MARGATE – In an effort to clear up objections in a legal suit brought against the City of Margate, the Board of Commissioners Dec. 6 introduced a new ordinance re-authorizing the transfer of seven parking spaces along Amherst Avenue to local builder Jim Leeds.
After the city agreed to convey a 70- by 25-foot strip of contiguous land to Barbary Coast Marina, LLC, neighbors of Harbor Vista Homeowners Association across Amherst Avenue filed a complaint in Superior Court to declare the sale null and void. Barbary Coast Marina owner Jim Leeds plans to build new offices and two residential units on his bayfront property. The land is being conveyed in exchange for replacing and maintaining 175 feet of deteriorated city-owned bulkhead. Leeds has already replaced the bulkhead at a cost of $443,681.70, which meets or exceeds the fair market value of the land, according to the prior ordinance.
Harbor Vista homeowners contend they will be irreparably harmed by the loss of public parking across from their bayfront townhouses.
The new ordinance addresses terms and conditions in the complaint and if adopted at a public hearing scheduled for 4 p.m. Thursday, Dec. 20, would allow the sale to be re-affirmed and the deed held in escrow until the legal suit is resolved.
A perceived conflict of interest issue involving city Solicitor John Scott Abbott was eliminated when Margate hired conflict attorney Dorothy F. McCrosson of McCrosson & Stanton, PC of Ocean City to represent the city in the litigation.
At the Dec. 6 worksession, McCrosson asked the commissioners to view the ordinance with “fresh eyes” as if the prior ordinance, Ordinance 21-2018 approved on Sept. 6, was never adopted.
“Among the allegations in that litigation are procedural allegations which can be cured by the proper enactment of this ordinance. In my view there was nothing improper about the enactment of the prior ordinance, but by addressing the plaintiff’s concerns, valid or invalid, it is my hope to narrow the issues in that litigation and make it a simpler case,” she said.
McCrosson asked the commissioners to consider whether they still think the transaction would be in be best interest of the taxpayers.
In the legal suit, Harbor Vista attorney Robert S. Baranowski Jr. of Hyland Levin, LLP of Marlton alleges the city failed to provide a “clear and concise statement” about the ordinance in its legal advertising and therefore “the public was not fairly apprised” of the action being taken by the board.
Baranowski also alleges an additional conflict of interest for Barbary Coast attorney Christopher Baylinson, who represents Abbott’s daughter and son-in-law in another legal matter.
In his filing, Baranowski states that the city failed to demonstrate that the parking spaces, which are in a highly traveled area where public parking is in demand especially during the peak summer season, were no longer needed for public use. He said the city was simply “bartering away its obligation” to replace the bulkhead, which benefits a private developer to the detriment of the public through the loss of parking spaces. The legal suit also states the city failed to put the sale out to bid, and it did not determine fair market value in an appraisal. He called for the sale to be null and void.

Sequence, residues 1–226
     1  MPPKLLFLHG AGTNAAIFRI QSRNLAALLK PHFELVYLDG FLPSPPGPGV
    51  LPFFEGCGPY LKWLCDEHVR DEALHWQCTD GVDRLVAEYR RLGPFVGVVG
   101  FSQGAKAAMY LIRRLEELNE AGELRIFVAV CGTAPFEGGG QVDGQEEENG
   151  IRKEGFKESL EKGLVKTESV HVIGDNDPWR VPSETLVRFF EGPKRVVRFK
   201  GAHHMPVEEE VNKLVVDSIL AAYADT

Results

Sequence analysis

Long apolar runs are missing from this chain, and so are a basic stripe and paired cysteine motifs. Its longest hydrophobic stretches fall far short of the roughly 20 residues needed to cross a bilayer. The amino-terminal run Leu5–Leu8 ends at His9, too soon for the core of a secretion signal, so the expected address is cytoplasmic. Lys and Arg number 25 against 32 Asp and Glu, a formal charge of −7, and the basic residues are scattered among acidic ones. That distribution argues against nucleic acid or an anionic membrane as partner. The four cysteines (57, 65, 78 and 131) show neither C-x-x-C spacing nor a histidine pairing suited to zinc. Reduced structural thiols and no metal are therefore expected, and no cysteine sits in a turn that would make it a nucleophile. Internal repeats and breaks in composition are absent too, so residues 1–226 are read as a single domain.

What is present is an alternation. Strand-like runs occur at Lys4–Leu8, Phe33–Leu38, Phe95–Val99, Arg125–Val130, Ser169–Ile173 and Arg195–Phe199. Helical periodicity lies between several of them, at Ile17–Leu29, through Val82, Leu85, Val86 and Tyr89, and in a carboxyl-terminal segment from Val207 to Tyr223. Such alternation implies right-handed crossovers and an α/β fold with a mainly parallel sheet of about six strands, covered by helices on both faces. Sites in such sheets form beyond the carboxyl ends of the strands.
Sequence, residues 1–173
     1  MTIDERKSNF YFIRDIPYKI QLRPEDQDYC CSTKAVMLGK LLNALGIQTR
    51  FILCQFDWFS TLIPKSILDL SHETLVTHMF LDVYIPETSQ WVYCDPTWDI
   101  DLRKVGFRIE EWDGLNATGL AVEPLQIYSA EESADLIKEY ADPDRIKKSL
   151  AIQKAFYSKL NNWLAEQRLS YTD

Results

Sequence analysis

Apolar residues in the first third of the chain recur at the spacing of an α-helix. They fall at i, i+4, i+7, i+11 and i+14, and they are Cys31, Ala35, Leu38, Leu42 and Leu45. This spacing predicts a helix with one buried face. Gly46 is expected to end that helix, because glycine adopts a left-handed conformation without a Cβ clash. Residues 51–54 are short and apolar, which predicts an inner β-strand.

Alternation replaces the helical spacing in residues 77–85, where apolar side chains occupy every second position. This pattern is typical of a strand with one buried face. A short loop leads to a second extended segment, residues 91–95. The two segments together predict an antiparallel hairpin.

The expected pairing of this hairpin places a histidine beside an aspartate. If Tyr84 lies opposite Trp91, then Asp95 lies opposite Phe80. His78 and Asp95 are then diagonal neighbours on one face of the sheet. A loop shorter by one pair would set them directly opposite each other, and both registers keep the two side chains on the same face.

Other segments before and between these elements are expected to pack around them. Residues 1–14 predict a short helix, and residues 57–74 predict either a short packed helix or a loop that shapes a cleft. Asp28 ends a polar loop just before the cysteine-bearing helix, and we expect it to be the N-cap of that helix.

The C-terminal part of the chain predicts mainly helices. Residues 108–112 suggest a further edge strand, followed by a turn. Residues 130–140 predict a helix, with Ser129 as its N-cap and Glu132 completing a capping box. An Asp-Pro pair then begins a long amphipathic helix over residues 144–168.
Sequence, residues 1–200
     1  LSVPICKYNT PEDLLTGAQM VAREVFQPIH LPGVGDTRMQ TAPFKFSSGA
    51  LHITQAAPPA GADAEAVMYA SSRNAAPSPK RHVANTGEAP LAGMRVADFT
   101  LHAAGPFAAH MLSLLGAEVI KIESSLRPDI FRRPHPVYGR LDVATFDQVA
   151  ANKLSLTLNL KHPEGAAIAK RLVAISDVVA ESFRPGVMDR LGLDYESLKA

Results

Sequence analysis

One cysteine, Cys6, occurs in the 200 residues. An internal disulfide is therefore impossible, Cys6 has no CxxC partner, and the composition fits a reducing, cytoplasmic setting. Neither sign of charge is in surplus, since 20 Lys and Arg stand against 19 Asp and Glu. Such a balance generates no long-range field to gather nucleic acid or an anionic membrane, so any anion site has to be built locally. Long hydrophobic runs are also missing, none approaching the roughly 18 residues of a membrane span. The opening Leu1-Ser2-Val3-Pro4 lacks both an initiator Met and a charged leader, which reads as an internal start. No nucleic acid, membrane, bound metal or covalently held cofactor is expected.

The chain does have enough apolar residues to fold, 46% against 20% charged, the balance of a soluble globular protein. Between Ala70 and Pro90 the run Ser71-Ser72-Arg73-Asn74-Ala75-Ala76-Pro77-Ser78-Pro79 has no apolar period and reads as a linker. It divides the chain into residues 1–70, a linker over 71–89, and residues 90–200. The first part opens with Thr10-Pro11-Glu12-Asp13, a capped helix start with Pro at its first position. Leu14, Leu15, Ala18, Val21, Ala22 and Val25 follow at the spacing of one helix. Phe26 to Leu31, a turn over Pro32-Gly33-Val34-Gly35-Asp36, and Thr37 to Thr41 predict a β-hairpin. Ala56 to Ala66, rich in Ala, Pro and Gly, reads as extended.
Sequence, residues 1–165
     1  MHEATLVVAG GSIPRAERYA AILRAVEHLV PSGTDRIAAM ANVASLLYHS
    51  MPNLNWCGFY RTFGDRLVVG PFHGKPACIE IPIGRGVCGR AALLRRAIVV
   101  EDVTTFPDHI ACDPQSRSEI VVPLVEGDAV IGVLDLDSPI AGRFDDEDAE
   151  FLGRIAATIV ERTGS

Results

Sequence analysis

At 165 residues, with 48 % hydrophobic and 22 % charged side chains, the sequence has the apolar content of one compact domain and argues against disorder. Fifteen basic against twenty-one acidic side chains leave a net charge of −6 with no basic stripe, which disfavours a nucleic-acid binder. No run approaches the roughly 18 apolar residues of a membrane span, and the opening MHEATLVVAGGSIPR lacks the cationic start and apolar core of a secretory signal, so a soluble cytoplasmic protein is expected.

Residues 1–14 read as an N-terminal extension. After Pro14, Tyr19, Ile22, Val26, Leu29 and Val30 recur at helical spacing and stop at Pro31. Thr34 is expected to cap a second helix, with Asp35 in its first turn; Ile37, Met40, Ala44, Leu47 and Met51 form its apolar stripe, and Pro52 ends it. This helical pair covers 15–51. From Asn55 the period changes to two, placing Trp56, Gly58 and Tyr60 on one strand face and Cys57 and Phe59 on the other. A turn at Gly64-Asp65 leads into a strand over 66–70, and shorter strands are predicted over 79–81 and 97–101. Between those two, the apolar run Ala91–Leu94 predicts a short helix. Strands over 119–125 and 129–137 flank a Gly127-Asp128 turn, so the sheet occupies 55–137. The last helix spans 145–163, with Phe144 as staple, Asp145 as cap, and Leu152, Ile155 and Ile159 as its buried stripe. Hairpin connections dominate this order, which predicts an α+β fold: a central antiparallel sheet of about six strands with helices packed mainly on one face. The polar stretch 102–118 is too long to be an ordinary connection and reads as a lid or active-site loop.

In his brief, Baylinson said Barbary Coast would suffer irreparable harm if the ordinance were set aside because Leeds has invested nearly $1 million in the property, including replacing the bulkhead. Six of the parking spaces will be used to accommodate the mixed-use building and one spot would be for public handicapped parking.
“Despite Harbor Vista’s contention that they will suffer immediate irreparable harm due to their inability to use what amounts to six parking spaces, it is only since 2017 that these spaces were available to them for parking. Before last year, Harbor Vista had no right to park on the privately owned land,” he stated in his brief to the court.
Harbor Vista property owners have private off-street parking and two-car garages.
Commissioner John Amodeo said a prior owner deeded land, which was previously designated as private parking spaces, to the city in a quit claim deed, dated April 20, 2017.
He said redeveloping a “dilapidated, deplorable area” would improve the marina district as required by the city’s Master Plan. Redefining the area, replacing deteriorating bulkhead and building a public promenade along the bayfront would be “a win-win situation for the city,” he said.
In a bulkhead-related matter, the city announced it has a signed agreement with the owner of Lamberti’s Restaurant and Sunset Marina to replace 588 feet of city-owned bulkhead in exchange for transferring ownership of the building, which Lamberti leases from the city. The agreement calls for Lamberti to open 24 parking spaces on his privately-owned parking lot on Monroe Avenue for public parking from 7 a.m. to 5 p.m. during the summer season.
Amodeo said the city is looking for other ideas to create more public parking in the marina district, which includes several restaurants, marinas and a proposed inflatable water park. One idea considered includes providing off-site parking at the Eugene A. Tighe Middle School parking lot with a shuttle to other areas of the city.
Commissioner Maury Blumberg suggested the city explore establishing a trolley loop around the city during the summer season, which could be operated by a private company at no cost to the city.
Amodeo also said the city could consider moving its vehicle impound lot to an off-shore location, which would open approximately 30 spots at the city’s impound lot on Decatur Avenue.